Beaches reopen day after 2 children hurt in possible shark attacks

The beaches on Fire Island reopened this morning, a day after a 13-year-old boy and a 12-year-old girl suffered large fish bites in the waters off the barrier island off of Long Island’s south shore — in what could be attacks by a shark.

Lifeguards will be on duty from 11 a.m. at Atlantique Beach, where the 13-year-old boy, Matthew Donaldson, was bitten. The National Park Service surveyed Sailors Haven beach, where the 12-year-old girl, Lola Pollina, was bitten, and reopened that beach. The two beaches are less than five miles apart.

New York Governor Andrew Cuomo dispatched Basil Seggos, the Department of Environmental Conservation commissioner, to Suffolk County, to investigate whether it was indeed a shark that bit the two children.

Neither Suffolk County nor the National Parks Service — which oversees some of Fire Island’s beaches — have yet confirmed that either of the bites came from sharks. County officials said that while the bite appeared to be from a shark, there had so far been no verified shark sighting.

A National Parks Service official told ABC News that the designation of a shark attack must come from the New York State Department of Environmental Conservation.

Lola’s father, Philip Pollina, said he could tell what he was seeing when he looked at her wound.

“I think it was a shark attack,” he said at a press conference. “When I saw the bite, there was a bite on her leg, there was no question what it was.”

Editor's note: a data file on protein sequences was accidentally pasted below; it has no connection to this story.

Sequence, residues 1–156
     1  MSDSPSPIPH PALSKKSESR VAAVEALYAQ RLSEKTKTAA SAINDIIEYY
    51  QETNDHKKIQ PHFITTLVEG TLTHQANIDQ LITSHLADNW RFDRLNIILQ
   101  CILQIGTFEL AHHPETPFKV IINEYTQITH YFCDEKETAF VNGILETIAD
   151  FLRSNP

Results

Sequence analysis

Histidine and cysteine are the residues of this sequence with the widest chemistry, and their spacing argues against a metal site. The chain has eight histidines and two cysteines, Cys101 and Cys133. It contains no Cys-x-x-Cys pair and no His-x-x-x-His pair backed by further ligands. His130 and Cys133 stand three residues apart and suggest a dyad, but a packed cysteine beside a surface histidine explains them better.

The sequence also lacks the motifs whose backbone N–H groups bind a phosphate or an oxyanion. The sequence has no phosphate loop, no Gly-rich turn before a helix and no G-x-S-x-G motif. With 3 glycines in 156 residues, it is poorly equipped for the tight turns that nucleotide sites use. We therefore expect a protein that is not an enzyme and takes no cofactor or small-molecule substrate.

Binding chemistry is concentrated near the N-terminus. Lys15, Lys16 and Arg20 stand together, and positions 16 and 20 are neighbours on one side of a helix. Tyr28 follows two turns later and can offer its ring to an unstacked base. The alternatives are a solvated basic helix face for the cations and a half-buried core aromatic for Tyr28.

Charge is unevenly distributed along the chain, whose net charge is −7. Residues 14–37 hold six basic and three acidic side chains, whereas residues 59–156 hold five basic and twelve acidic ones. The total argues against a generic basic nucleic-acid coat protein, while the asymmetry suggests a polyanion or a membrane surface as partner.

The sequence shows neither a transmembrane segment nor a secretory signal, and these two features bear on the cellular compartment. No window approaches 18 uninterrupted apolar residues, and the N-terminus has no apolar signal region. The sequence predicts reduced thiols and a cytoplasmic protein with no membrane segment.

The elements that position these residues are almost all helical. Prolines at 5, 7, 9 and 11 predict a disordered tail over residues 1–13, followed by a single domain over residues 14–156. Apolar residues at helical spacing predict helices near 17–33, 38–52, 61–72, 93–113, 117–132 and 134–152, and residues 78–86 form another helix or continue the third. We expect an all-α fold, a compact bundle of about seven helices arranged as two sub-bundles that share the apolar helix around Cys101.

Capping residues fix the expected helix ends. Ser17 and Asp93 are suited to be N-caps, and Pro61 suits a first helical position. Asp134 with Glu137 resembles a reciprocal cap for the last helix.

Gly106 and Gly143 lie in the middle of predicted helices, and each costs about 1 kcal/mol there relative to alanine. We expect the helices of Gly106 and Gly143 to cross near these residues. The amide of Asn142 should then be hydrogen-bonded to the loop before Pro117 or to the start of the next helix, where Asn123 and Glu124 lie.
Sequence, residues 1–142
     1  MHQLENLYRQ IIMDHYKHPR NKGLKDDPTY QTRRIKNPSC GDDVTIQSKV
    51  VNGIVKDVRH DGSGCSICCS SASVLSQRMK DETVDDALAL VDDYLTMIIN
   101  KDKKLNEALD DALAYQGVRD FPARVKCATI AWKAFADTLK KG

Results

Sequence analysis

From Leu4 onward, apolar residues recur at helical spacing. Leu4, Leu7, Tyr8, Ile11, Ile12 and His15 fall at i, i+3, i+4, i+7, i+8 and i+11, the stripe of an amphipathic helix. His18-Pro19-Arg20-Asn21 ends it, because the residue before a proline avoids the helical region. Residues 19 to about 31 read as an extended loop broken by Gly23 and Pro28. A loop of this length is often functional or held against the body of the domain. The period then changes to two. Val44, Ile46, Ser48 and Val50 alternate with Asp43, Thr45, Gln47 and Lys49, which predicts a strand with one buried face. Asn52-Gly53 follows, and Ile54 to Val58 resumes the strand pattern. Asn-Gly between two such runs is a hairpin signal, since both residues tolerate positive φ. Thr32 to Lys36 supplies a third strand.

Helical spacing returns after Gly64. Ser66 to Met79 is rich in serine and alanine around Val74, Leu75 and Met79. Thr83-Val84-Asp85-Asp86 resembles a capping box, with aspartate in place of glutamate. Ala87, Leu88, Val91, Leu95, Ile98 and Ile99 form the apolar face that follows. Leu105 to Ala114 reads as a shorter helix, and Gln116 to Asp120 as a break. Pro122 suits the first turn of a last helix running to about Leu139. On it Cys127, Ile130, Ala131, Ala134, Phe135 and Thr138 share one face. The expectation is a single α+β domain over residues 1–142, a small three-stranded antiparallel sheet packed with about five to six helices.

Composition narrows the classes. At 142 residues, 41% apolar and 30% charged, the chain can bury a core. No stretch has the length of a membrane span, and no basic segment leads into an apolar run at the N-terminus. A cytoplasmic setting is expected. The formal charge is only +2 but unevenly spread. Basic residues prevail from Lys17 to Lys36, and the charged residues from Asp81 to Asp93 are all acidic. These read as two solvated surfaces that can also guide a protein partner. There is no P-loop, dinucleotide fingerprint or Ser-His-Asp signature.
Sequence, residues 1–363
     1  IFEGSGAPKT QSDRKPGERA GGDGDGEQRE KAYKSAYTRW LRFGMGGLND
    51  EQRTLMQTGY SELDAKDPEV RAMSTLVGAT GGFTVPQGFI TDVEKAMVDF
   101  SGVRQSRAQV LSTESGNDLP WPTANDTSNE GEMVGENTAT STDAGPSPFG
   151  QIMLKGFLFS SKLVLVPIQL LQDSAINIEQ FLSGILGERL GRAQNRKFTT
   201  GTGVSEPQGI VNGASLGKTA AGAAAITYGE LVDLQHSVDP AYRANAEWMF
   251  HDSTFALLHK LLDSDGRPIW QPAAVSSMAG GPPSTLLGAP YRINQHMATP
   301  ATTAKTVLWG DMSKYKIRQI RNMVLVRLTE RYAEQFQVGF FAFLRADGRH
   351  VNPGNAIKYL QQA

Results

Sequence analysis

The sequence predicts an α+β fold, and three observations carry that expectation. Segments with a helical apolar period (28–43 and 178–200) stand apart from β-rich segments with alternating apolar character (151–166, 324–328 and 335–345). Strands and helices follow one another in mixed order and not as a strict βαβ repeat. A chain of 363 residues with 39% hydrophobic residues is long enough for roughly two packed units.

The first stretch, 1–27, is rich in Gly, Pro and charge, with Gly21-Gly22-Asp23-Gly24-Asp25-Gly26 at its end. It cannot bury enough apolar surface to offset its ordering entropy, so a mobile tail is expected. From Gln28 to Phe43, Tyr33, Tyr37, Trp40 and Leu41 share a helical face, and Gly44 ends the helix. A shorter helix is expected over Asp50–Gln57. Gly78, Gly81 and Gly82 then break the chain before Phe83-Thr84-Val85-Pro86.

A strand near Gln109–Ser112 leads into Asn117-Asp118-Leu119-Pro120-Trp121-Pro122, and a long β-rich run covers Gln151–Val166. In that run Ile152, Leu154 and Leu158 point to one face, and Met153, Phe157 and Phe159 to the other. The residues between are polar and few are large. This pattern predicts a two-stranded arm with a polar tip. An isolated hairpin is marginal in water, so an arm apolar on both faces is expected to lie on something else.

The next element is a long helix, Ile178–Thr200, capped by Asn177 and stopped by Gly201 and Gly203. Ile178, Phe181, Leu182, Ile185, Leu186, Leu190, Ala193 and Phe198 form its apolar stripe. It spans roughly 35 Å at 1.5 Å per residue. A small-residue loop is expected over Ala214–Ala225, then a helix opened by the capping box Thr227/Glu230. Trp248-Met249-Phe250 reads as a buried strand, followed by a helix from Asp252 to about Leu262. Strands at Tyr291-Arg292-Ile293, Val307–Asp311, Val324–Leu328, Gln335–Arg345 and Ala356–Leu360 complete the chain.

His daughter, who concurred with her father’s assessment, said she had come through the incident intact.

“I thought it was a shark,” the 12-year-old said at the press conference. “We were at the beach and there wasn’t a tiger or anything,” she said, laughing.

The youngster was wading in waist-deep water when she spotted what appeared to her to be a three to four-foot shark.

“When I first got bit, I couldn’t feel it, so it didn’t hurt that bad.”

It was only after lifeguards began pouring water on the wound and wrapping it in gauze that she began to wince.

Further west and a few hours after the two attacks, bathers were evacuated from the waters off Robert Moses State Park and Jones Beach after a lifeguard spotted a shark.

State police sent a drone into the air to search the waters for sharks, according to George Gorman, Long Island deputy regional director of the state Office of Parks, Recreation and Historic Preservation.

Bathers were allowed to return to the water after the lifeguard sighting was confirmed to be a sandbar shark. Sandbar sharks are considered to be a relatively benign type of shark, which feed on fish, crabs and stingrays — and are not known for attacking humans.

Carpenter, the Islip town supervisor, said a midsummer reminder was in order for south shore beachgoers.

“We’re seeing this as an opportunity to remind everyone that the water is beautiful — it’s magnificent here on the south shore of Long Island, but treacherous.”

“So you need to be careful at all times.”

One shark expert said that the bites were definitely from a shark.

George Burgess, director of the International Shark Attack File maintained by the Florida Museum of Natural History, told ABC News that the bites were “definitely” from a shark.

Burgess said that the size and shape of the bites, and the tooth embedded in one victim’s leg, indicate that the shark is either a small shark of a larger species, or a species small in size.

He said it was unlikely that it was a great white shark, because such a shark would likely have caused far more grievous injuries, and the victims may not have been able to walk around afterwards.

He said, however, that he would need to look at a better picture of the tooth to be able to make any definite assessments.

The attacks come just days before the July 22 start of Discovery Channel’s annual “Shark Week” programming marathon, now in its 30th year.

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ABC News: U.S.